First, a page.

US 3825142 A
Description (OCR text may contain errors)
United States Patent [191 Campagna [451 July 23, 1974 1 THERMOPLASTIC SHIELDED GLASS BOTTLE  Assignee: Dart Industries Inc., Los Angeles,
 Filed: Mar. 7, 1972  Appl. No.: 232,412
Related U.S. Application Data  Continuation-impart of Ser. No. 162,103, July 13,
 U.S. Cl. 215/1 C, 215/12 R, 21S/D1G. 6  Int. Cl B65d 23/08  Field 01' Search... 215/1 R, 1 C, 12 R, DIG. 6; l61/2,l16,117,119,124,164;117/l7.5,
3,200,280 8/1965 Th8 et a1 117/41 3,513,970 5/1970 Eckholm, Jr. 206/65 E FOREIGN PATENTS 0R APPLICATIONS 2,026,909 12/1970 Germany 215/1310. 6
Primary Examiner-William 1. Price Assistant ExaminerStephen Marcus  ABSTRACT A container comprising an inner glass receptacle and a closely adhereing exterior protective sheath substantially covering said receptacle. The exterior protective is comprised of a shape-retaining, preferably thermoplastic resin adapted to restrain and retain glass fragments should the glass receptacle be broken. The sheath is further provided with a plurality of outwardly protruding nodular means that lend a roughened appearance to the sheath surface and which produce a surface elevation variance from the mean thickness of the sheath by between about 6 and 60 percent. This surface characteristic minimizes the container surface frictional resistance, increases shock resistance and provides maximum non-slip characteristics to the sheath when the container is hand-held.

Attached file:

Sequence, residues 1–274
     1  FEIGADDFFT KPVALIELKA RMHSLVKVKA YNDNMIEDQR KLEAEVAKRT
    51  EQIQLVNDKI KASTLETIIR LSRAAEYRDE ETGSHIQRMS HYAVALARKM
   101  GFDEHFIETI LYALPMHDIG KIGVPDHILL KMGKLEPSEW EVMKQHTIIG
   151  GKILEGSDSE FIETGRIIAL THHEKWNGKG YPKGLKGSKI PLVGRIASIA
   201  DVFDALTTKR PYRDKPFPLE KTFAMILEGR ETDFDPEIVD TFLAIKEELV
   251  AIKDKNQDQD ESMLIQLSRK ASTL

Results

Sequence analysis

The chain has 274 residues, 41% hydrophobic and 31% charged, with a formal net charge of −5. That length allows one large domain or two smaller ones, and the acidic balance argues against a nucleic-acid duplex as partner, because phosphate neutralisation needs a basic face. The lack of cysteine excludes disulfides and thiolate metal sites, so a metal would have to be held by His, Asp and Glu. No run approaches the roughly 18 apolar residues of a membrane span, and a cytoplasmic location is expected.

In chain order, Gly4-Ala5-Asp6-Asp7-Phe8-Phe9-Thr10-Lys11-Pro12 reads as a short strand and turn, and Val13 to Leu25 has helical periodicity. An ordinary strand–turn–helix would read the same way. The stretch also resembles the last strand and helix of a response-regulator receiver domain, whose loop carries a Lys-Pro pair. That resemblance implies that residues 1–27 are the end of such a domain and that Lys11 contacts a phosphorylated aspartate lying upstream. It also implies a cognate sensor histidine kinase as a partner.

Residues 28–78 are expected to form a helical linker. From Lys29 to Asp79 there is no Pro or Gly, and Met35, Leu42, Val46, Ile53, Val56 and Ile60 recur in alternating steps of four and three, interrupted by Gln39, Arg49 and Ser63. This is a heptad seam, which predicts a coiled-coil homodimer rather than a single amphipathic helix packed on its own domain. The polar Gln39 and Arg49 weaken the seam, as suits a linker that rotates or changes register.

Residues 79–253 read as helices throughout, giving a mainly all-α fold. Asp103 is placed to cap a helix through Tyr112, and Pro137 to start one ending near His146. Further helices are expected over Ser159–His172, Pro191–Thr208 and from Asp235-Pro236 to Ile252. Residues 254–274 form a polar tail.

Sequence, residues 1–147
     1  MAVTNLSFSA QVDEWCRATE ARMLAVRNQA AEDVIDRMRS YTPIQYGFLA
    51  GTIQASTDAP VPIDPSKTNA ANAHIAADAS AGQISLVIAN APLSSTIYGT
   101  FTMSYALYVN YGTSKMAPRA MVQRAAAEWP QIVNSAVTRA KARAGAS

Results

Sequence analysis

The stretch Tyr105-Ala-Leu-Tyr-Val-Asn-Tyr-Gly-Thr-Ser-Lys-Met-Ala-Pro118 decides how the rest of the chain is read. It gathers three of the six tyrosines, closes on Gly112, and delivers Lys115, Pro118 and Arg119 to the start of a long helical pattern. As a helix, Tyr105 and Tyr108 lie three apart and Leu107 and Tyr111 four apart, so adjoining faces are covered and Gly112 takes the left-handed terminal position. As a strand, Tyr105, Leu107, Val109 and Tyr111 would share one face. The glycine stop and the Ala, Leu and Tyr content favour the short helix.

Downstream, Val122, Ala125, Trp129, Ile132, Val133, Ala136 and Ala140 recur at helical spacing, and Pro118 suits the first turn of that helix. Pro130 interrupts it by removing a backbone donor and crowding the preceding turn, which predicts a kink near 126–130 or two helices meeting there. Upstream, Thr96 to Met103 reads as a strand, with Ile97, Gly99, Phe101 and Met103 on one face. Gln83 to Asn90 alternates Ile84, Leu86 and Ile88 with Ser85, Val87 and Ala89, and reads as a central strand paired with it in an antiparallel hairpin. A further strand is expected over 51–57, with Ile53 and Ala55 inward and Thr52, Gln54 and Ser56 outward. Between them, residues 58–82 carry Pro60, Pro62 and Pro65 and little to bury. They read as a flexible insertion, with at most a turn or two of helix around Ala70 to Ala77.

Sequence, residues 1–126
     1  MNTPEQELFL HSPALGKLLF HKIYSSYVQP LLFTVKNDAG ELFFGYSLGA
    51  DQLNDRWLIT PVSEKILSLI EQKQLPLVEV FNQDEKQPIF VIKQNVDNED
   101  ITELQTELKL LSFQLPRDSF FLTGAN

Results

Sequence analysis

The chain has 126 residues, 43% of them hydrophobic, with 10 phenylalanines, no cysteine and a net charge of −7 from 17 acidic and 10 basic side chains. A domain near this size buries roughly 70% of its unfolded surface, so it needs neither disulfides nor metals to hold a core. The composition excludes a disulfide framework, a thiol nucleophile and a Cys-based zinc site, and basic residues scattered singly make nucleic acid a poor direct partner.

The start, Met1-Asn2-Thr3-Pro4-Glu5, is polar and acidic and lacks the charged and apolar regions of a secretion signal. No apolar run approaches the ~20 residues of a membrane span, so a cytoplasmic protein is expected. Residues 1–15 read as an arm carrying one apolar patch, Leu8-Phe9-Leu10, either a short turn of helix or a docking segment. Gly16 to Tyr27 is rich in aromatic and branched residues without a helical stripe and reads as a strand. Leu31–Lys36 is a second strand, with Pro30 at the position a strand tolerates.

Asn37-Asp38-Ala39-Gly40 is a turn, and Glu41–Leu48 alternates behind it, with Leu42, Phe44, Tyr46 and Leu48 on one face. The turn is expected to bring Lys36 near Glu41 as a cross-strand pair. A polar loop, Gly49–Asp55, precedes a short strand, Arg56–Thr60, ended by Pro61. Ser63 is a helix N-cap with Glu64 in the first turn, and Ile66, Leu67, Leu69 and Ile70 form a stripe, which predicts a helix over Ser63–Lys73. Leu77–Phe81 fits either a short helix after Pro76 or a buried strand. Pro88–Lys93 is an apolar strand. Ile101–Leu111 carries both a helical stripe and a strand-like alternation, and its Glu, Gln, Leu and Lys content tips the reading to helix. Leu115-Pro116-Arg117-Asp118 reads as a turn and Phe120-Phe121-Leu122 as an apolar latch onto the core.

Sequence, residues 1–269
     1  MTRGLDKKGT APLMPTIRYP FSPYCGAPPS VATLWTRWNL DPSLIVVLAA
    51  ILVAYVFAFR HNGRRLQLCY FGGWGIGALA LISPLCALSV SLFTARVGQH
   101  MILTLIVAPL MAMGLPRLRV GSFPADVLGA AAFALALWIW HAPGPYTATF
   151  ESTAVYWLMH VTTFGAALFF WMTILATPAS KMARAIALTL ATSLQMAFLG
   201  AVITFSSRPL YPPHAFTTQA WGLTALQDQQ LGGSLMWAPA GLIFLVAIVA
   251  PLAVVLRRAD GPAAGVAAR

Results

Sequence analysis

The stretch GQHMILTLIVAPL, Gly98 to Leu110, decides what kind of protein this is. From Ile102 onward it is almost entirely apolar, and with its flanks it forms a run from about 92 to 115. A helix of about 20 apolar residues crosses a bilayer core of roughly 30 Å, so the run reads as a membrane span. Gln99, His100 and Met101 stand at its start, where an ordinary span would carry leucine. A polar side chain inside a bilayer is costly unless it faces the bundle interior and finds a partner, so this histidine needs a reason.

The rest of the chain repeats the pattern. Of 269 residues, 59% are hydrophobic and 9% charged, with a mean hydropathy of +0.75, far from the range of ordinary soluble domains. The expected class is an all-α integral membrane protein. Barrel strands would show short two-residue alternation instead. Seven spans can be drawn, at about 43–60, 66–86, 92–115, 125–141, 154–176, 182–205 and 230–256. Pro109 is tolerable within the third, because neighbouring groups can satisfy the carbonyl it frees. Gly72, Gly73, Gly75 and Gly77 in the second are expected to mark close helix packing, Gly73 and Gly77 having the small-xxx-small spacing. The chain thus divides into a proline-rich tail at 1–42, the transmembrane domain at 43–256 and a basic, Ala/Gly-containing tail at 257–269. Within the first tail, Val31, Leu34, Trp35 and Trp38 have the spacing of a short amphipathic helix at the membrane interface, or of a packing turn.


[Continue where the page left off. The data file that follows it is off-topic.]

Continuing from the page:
3 Claims, 3 Drawing Figures PATENTEU JULZ 3 I974 FIG.1
THERMOPLASTIC SHIELDED GLASS BOTTLE CROSS REFERENCES TO RELATED APPLICATIONS This is a continuation in part of my earlier application Ser. No. 162.103 filed July 13, l97l.
This invention concerns protectively sheathed glassware containers and, more particularly, concerns glass receptacles which are so protected by an outer plastic envelope that substantially covers the exterior surface thereof.